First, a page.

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On 9/22/2014 11:28 AM, Tom Fine wrote:
> Actually, it was more party/drinking music with dancing occuring. This
> was nothing like Northeast urban Lindy-dance/flapper music, to say
> nothing of the famous organized dance contests and events in the big
> cities. And, much of the slower blues can't be danced to very well,
> because it's about being sad, down, cheated, etc. I would guess the
> primary activity at many if not most blues performances in the 30s was
> liquor consumption, gambling and scouring for sex partners. Not to say
> this was going on right next to the Lindy/flapper dancing in the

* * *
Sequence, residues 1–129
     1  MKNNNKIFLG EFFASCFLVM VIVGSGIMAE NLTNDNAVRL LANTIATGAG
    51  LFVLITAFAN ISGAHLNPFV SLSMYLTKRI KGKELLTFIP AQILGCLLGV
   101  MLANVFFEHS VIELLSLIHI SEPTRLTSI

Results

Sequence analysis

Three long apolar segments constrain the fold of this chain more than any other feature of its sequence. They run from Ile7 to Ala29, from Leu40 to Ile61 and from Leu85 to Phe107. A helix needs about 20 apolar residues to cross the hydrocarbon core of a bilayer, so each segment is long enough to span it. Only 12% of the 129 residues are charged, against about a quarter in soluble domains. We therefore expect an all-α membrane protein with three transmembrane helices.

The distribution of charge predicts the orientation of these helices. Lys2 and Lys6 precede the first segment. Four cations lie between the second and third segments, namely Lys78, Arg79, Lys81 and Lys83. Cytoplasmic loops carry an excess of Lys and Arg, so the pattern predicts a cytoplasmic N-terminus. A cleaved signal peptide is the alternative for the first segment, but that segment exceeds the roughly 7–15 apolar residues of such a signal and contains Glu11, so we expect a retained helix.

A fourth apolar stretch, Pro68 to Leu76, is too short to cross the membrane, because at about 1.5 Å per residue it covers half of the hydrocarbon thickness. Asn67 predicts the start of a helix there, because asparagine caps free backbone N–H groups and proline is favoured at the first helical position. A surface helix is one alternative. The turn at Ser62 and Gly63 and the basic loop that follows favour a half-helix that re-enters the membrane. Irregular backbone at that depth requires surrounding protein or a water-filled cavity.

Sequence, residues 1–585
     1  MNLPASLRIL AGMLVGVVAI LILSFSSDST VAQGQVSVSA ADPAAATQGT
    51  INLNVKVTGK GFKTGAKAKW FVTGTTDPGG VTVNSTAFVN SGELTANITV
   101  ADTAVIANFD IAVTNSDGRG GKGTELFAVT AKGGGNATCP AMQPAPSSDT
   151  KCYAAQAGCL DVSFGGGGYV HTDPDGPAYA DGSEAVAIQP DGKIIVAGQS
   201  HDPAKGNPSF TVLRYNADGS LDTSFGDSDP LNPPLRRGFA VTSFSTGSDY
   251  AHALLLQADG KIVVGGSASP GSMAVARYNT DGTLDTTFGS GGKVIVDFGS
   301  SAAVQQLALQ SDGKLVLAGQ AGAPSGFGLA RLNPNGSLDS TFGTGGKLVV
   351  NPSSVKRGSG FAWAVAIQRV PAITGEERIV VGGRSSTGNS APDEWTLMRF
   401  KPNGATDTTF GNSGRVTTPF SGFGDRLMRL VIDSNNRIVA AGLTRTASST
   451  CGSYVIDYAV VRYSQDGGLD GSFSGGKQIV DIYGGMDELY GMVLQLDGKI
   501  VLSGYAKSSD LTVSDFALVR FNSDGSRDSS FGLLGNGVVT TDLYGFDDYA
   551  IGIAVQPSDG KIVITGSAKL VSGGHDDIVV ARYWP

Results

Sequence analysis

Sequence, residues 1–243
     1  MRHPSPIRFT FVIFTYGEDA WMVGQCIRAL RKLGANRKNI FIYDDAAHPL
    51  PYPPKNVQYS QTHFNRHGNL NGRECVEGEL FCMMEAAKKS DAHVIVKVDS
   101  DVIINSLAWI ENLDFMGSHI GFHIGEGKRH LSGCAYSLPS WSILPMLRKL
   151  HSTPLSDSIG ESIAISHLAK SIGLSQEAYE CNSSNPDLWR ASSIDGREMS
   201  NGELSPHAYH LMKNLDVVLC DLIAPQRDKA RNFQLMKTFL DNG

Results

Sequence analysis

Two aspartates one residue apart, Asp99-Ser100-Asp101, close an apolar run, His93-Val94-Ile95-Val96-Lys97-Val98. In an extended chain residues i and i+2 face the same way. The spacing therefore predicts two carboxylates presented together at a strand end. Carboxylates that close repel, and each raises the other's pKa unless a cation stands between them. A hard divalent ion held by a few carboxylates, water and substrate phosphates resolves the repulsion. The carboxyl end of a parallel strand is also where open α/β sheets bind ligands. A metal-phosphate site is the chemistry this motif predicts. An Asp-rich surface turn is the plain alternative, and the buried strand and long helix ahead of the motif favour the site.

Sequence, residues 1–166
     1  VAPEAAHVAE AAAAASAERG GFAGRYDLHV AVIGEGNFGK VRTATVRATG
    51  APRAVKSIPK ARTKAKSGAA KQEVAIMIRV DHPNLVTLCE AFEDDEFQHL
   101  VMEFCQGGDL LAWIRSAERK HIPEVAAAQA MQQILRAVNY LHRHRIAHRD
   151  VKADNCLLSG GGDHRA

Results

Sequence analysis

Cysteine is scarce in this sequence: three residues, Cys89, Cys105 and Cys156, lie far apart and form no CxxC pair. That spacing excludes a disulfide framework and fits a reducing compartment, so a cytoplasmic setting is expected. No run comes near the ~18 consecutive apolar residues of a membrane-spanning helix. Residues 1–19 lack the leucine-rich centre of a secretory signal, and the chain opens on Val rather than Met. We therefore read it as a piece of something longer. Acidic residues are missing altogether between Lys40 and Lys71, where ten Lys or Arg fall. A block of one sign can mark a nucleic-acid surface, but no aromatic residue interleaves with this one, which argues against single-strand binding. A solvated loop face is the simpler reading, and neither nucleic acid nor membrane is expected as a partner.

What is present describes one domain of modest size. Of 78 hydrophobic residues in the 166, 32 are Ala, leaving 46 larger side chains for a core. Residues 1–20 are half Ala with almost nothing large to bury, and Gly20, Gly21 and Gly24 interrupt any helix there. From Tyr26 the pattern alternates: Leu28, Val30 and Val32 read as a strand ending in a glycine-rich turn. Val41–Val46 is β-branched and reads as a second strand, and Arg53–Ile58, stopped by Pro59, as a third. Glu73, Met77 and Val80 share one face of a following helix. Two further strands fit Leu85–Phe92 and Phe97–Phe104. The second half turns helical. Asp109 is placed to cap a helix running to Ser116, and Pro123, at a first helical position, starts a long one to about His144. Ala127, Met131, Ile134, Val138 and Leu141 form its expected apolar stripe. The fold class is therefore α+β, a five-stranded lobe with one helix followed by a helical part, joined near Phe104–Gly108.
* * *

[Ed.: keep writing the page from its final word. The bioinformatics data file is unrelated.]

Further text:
> Northeast (or at any given pop music festival today, except that the
> gambling is probably replaced by drug-seeking and drug-taking).

I may be wrong in my memory, but I seem to recall some of the older 
blues musicians, after they were "rediscovered" in the 1960s, saying 
that their recordings were a lot different from what they did in live 
performance. The latter had to be all up-tempo and danceable. On 
recordings they could play the slow and sad stuff, but their customers 
wouldn't stand for that in roadhouses. For someone like Charley Patton, 
"Shake It and Break It" was much more typical of his live performances 
than, say, "High Water Everywhere".

Peace,
Paul